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Weaver, Robert C., Secretary, Department of Housing and Urban
Department of Business Regulation; letter statement to committee,
List of land developments issued cease-and-desist orders.
August 26, 1966. -
MacArthur, Douglas, Assistant Secretary of State, Department
Parker, E. L., president, Lakeshore Corp., Miami Beach, Fla.
Witt, Boston, attorney general of the State of New Mexico.
INDEX OF ORGANIZATIONS
Temple Beth-El, Cape Coral, Fla.--
INDEX TO APPENDIXES
INTERSTATE LAND SALES FULL DISCLOSURE ACT
TUESDAY, JUNE 21, 1966
Washington, D.C. The subcommittee met at 10:07 a.m., in room 5302, New Senate Office Building, Senator Harrison A. Williams, Jr., presiding.
Present: Senators Harrison A. Williams, Jr., Maurine B. Neuberger, and Walter F. Mondale.
Senator WILLIAMS. We will get underway.
You know this is the Securities Subcommittee of the Banking and Currency Committee, and we are going to have hearings today on the bill S. 2672, which deals with interstate land sales.
Some years ago, Andrew Carnegie said: "More money has been made in real estate than in all industrial developments combined. The wise young man or wage earner of today invests his money in real estate."
That quotation has become quite familiar to me within the past 2 years because I've seen it again and again on bright brochures telling about opportunities to buy land, site usually unseen, at $10 or $20 down and the same amount per month until payments are complete.
Are such buyers justified in being as optimistic as Carnegie was?
We will hear testimony for the next 2 days—and possibly later on, too-intended to explore some of the pitfalls and the promises of the interstate land sales industry today.
My own view is that a sufficient number of pitfalls exist to warrant Federal legislation intended to:
1. Give additional protection to investors.
2. Help those States that have enacted legislation only to find that lack of similar legislation elsewhere causes serious problems to them.
3. Help to give a solid foundation to the industry. On that last point, I'd like to compare the interstate land sales industry today with the securities industry of more than three decades ago.
In the early thirties, public confidence in the securities industry had been thoroughly shaken. It took enactment of Federal regulation to help restore investor confidence. Not that investors thought all sharp practices had been wiped out, but they had good reason to believe that reasonable ground rules had finally been established.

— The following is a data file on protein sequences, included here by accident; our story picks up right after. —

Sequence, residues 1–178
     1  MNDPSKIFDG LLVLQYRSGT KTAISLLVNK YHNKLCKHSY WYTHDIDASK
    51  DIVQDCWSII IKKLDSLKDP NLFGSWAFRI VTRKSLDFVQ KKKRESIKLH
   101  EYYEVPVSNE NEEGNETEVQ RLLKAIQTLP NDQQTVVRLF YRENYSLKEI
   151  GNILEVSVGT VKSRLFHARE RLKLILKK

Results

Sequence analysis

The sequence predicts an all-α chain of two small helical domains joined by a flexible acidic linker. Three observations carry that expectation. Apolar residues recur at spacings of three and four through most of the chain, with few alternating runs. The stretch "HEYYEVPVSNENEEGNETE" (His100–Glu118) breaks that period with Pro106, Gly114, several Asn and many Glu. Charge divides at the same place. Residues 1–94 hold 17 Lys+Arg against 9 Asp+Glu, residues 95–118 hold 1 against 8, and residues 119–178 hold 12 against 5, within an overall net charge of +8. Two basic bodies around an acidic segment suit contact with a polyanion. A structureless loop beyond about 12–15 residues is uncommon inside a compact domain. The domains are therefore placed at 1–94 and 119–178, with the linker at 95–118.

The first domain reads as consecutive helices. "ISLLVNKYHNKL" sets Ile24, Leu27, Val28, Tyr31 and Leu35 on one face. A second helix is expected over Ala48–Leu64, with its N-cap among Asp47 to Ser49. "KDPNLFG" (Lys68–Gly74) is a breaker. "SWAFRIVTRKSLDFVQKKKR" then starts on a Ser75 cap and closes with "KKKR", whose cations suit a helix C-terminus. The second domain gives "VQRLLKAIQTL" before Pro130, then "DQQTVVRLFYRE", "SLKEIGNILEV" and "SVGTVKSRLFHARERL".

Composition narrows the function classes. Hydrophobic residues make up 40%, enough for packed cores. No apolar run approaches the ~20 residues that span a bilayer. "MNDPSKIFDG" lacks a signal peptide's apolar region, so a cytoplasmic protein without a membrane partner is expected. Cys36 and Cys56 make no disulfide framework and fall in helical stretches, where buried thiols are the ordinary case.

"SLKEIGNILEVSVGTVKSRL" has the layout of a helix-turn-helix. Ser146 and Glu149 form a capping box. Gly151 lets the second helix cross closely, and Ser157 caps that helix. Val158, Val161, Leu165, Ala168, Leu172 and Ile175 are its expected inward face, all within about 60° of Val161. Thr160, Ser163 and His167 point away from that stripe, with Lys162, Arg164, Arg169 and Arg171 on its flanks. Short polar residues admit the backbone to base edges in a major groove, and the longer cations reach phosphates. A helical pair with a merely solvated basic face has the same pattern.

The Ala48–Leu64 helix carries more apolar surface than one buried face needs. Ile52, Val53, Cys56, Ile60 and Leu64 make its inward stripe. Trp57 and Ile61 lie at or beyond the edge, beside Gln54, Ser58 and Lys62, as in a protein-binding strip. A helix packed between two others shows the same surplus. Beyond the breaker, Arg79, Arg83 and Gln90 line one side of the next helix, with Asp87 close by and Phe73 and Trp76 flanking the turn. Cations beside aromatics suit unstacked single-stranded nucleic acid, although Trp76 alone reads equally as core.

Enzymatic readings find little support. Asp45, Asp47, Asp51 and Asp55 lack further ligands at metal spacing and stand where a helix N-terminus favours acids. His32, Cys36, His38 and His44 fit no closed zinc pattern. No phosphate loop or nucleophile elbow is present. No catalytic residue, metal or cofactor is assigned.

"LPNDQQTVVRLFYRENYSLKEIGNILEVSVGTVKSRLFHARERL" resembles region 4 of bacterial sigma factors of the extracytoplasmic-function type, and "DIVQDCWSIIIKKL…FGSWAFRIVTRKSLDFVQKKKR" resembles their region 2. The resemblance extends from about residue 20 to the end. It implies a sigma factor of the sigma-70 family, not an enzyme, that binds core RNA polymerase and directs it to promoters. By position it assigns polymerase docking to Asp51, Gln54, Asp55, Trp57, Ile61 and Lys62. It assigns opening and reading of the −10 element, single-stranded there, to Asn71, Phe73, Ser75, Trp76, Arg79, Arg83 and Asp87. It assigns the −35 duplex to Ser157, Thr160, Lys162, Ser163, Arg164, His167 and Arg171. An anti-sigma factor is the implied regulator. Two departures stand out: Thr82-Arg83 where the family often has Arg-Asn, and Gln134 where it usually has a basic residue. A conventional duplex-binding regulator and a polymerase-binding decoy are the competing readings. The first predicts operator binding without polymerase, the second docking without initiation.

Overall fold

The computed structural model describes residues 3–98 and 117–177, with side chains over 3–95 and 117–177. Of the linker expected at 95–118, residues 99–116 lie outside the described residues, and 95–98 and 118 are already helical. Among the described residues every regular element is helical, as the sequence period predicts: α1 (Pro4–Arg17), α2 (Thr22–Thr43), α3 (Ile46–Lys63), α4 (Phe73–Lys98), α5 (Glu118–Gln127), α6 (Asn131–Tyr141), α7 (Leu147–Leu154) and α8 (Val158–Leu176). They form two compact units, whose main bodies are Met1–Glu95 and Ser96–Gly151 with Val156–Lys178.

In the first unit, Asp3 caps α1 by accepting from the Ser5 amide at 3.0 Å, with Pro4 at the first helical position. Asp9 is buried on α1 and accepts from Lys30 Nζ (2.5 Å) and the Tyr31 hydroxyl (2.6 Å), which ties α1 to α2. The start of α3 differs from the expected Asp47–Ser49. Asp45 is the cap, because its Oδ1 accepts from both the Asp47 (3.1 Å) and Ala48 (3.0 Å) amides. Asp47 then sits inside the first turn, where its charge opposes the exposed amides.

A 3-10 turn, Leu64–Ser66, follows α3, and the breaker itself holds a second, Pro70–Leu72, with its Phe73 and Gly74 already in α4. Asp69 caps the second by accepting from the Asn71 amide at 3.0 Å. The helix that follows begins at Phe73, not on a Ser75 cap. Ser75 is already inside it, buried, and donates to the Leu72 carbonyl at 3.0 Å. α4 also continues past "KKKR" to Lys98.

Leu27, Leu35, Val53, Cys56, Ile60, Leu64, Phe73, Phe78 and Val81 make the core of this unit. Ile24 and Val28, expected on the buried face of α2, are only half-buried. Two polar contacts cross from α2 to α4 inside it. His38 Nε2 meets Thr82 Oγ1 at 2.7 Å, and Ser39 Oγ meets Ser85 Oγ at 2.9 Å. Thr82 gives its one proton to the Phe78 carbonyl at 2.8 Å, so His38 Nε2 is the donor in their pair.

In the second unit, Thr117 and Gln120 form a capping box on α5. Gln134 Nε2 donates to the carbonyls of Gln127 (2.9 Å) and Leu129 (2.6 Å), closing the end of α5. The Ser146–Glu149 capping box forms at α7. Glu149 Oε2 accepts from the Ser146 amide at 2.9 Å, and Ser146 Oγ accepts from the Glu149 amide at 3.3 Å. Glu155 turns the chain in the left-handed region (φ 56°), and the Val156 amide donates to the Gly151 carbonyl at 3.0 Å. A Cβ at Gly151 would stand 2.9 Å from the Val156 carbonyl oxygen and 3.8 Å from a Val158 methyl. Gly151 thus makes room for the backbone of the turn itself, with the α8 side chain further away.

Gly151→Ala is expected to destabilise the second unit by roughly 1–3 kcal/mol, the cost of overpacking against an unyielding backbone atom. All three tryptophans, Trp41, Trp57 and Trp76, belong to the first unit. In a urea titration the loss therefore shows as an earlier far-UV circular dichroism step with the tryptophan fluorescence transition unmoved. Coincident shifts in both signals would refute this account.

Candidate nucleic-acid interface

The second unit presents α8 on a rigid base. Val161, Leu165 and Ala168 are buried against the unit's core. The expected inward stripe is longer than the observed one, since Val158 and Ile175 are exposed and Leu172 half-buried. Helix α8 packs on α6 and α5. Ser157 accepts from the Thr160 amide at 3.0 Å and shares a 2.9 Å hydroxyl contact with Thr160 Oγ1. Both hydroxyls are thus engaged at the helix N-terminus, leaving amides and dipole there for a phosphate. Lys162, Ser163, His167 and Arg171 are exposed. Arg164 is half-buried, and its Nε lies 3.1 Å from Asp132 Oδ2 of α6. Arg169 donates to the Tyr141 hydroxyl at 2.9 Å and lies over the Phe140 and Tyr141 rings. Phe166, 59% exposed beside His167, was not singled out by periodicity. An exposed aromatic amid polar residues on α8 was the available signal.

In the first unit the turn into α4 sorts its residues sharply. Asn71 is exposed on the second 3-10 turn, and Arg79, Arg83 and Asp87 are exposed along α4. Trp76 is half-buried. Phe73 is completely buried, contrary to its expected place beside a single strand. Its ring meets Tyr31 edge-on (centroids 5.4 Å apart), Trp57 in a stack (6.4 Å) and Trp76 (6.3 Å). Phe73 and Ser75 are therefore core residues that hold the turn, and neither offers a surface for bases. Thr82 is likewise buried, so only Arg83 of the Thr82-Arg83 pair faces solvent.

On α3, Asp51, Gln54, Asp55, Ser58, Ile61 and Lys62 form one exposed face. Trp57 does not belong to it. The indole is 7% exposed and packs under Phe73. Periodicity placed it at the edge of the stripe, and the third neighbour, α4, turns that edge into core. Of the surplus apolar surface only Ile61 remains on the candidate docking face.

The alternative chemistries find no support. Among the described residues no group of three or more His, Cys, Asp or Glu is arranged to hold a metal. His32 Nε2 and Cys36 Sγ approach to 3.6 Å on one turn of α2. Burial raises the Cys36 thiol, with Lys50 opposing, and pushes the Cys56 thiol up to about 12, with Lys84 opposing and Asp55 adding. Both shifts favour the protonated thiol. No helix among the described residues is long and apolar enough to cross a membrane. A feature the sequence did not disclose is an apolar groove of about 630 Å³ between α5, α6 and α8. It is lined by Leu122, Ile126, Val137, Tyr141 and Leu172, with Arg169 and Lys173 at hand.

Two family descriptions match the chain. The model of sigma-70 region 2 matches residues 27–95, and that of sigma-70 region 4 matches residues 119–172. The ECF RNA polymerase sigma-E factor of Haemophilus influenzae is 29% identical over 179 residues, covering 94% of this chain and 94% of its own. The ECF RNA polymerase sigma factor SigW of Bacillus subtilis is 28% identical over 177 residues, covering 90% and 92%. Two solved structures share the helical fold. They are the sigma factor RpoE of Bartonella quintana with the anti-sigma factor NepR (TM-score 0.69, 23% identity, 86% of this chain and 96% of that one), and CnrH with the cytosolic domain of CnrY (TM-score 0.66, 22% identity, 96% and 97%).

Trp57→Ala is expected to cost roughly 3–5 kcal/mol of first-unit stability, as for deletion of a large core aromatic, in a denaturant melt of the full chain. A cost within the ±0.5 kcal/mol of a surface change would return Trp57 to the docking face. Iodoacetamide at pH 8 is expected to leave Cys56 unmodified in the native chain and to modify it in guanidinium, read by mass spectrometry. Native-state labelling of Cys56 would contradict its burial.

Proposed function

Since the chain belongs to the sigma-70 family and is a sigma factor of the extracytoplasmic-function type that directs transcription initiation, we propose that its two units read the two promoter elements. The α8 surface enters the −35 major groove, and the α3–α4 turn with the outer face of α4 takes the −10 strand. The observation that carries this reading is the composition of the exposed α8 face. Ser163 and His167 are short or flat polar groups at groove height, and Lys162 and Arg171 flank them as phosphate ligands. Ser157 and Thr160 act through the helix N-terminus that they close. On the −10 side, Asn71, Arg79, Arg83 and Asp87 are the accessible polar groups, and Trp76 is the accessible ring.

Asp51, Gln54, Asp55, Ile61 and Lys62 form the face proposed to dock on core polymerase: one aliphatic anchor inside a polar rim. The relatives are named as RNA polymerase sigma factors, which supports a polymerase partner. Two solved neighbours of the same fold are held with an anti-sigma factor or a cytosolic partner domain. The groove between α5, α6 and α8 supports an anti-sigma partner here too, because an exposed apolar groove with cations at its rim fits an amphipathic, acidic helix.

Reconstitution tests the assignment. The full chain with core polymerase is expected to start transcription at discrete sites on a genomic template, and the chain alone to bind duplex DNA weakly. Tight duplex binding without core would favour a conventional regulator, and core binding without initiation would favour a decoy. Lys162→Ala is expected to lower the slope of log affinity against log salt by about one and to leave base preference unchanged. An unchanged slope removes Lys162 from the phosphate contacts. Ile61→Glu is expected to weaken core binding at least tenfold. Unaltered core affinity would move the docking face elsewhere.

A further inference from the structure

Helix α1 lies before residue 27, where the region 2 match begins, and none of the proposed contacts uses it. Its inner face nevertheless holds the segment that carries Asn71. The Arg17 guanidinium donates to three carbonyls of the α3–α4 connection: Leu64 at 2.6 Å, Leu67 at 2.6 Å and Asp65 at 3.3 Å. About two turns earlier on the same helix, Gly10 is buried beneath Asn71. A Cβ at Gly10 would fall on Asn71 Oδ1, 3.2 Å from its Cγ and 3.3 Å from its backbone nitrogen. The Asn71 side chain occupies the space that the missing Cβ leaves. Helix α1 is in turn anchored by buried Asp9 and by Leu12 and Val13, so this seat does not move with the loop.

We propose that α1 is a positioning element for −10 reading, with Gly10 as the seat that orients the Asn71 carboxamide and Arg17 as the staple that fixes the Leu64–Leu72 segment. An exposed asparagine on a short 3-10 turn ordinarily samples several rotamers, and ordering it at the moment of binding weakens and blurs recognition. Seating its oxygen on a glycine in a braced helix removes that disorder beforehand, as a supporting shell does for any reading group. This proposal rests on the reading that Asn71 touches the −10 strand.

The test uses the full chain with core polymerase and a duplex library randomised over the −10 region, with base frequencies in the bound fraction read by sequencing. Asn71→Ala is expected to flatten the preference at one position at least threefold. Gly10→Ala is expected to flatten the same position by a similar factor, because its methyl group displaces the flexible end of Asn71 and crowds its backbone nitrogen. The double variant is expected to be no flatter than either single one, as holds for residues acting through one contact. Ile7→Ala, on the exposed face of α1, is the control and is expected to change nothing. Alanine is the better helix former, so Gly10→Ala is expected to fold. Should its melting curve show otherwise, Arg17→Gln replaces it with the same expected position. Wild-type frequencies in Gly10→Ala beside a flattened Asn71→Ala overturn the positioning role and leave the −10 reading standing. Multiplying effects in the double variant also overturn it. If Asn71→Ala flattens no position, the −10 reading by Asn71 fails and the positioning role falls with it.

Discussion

Just as in 1933, when it became necessary for the Federal Government to aid small investors in securities who had little or no knowledge of corporate finance, the time has now come to extend similar protection to small investors in real estate, many of whom have been subject to high-pressure sales techniques which the securities acts did so much to halt elsewhere.
Today's interstate land sales industry has inspired both confidence and forebodings.
Confidence exists among the many thousands of individuals who have invested in good, solid companies with adequate capital to build entire new communities on land that, only a few years ago, may have been regarded as unpromising or even marginal.
Forebodings arise when we consider those who have bought land in swamps, deserts, high arid plateaus, mountains, remote valleys, andin some cases—actual jungles or lava beds outside the continental United States.
What have such buyers actually bought? Too few actually know. Many have not yet seen to this day the land they are paying for or have already purchased. In today's buy-by-mail or buy-by-telephone market, many hundreds of millions of dollars have been pledged by men and women on land they are buying for retirement, for investment returns, or perhaps for sheer speculation.
Difficult as it is to obtain satisfactory estimates on the size of the interstate land sales industry, there is impressive evidence of its magnitude. Recently, for example a State official in Florida estimated that land for sale in that State alone is worth $1 billion. Oregon, according to a recent statement, has about 400,000 acres up for sale. California, with a law generally regarded as more stringent than any other State's, had to issue 33 desist-and-refrain orders last year relating to out-of-State developments illegally offered for sale in that State. The subdivisions were offered in such widely scattered sites as Arizona, Arakanas, Florida, Hawaii, Idaho, Maine, Nevada, Oregon, Tennessee, Utah, Washington, Australia, Bahamas, and Brazil.